There are so many examples of Christians behaving badly that they barely register anymore, but this one is pretty damn cruel.
Anika Bjornson, a fifth-grade student in Tualatin, Oregon, has a severe case of juvenile diabetes. It’s so severe that she has to bring a trained service dog with her to school so it can (amazingly, to me) let her know when her blood sugar is too high or low and she can take steps to correct it.
In a public school, that wouldn’t be a problem.
The Americans with Disabilities Act says that certified service animals are allowed to go anywhere the public is allowed to go, and that includes public schools.
The problem for Anika is that she attends Horizon Christian Elementary and they want nothing to do with her dog:
Bjornson says school administrators worried other kids might suffer from pet allergies, classmates would be too distracted by the dog, or Bassie would simply make a mess in the school building.
Speaking off camera, a school representative said the school is sorry, but they are doing what’s best for other students.
They’re allowed to do this, because it’s a religious school not bound by federal laws. But that doesn’t mean they should. Public schools make this accommodation because it’s in the best interest of the student who needs the help, and they’ll also make any accommodations for students who can’t be near the dog. It may be a logistical nightmare, but it’s the right thing to do for everyone involved. You would think a private Christian school would try to do even more than that — if for no other reason than to show the public how much they care about all of their students.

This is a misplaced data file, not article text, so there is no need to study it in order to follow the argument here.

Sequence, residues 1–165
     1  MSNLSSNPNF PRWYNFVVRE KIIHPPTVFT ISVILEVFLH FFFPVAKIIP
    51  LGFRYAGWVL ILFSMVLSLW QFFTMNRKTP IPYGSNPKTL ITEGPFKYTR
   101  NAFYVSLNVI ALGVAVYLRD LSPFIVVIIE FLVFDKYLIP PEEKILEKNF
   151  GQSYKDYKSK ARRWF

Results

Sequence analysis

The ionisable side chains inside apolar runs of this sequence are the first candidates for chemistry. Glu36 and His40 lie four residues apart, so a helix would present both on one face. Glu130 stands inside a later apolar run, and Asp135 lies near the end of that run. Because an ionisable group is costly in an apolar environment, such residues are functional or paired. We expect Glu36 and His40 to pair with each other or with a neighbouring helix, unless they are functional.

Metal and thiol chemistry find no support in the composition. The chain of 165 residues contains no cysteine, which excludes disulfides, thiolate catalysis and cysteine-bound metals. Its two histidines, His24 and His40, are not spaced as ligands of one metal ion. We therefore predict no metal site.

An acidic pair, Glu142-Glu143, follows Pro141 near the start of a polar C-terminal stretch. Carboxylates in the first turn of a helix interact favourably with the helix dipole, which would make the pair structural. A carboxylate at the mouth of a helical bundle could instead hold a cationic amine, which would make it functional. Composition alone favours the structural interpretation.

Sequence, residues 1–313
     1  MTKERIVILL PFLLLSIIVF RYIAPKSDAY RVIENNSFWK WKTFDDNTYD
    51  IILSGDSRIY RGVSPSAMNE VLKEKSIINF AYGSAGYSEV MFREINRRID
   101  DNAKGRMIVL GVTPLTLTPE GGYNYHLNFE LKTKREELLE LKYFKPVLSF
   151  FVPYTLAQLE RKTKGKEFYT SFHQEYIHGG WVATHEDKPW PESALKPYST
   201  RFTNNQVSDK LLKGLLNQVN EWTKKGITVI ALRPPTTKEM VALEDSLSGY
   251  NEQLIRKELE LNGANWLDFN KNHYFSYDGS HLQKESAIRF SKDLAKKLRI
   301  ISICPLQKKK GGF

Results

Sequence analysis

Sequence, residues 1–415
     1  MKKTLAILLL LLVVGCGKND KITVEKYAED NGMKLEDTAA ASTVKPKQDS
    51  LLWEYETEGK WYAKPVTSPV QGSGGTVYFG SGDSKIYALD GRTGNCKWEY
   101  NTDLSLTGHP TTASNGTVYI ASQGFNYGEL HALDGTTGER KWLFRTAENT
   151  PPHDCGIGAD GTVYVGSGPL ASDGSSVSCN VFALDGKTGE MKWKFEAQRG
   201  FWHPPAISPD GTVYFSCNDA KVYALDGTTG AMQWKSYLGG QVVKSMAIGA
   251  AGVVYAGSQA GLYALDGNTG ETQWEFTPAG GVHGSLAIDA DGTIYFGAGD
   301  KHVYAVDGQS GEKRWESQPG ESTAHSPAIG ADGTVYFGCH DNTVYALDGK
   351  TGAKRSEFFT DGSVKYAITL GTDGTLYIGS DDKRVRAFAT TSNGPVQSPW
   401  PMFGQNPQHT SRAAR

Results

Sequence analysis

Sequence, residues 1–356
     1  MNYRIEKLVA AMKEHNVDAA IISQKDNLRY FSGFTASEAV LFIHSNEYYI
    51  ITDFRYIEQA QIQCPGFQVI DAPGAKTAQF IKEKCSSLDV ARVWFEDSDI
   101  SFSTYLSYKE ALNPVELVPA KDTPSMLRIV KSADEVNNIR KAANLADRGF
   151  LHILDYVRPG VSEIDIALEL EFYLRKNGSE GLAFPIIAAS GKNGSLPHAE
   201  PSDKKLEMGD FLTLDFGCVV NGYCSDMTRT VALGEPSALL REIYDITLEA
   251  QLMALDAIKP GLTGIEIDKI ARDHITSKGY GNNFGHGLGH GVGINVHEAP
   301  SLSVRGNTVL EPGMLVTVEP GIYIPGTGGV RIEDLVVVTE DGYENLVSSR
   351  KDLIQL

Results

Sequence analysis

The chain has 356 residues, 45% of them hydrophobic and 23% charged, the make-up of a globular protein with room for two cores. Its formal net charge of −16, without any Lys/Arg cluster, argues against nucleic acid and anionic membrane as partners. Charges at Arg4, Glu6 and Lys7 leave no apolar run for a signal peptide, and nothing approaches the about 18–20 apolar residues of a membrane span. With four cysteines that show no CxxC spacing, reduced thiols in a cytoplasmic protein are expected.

That’s not happening, though. The one time Anika needs support from her community the most, the school administrators just run away from her problem. It speaks volumes about their character.
By the way, Horizon Christian School boasts this on the front page of its website:
I fixed it for them:
Anika will be transferring to a public school now. While my heart goes out to her for having to change schools mid-year, she’s going to be in a better place — and not just because of the dog situation. She’ll be at a school where education is prioritized over “being right with God.” She’s already receiving a warm reception:
“The teacher requested me,” she said. “He wanted me in his class because he loves animals.”
It’s good to see she’s being welcomed with the type of love she didn’t find in the Christian school.
(Thanks to @marissa_rae for the link)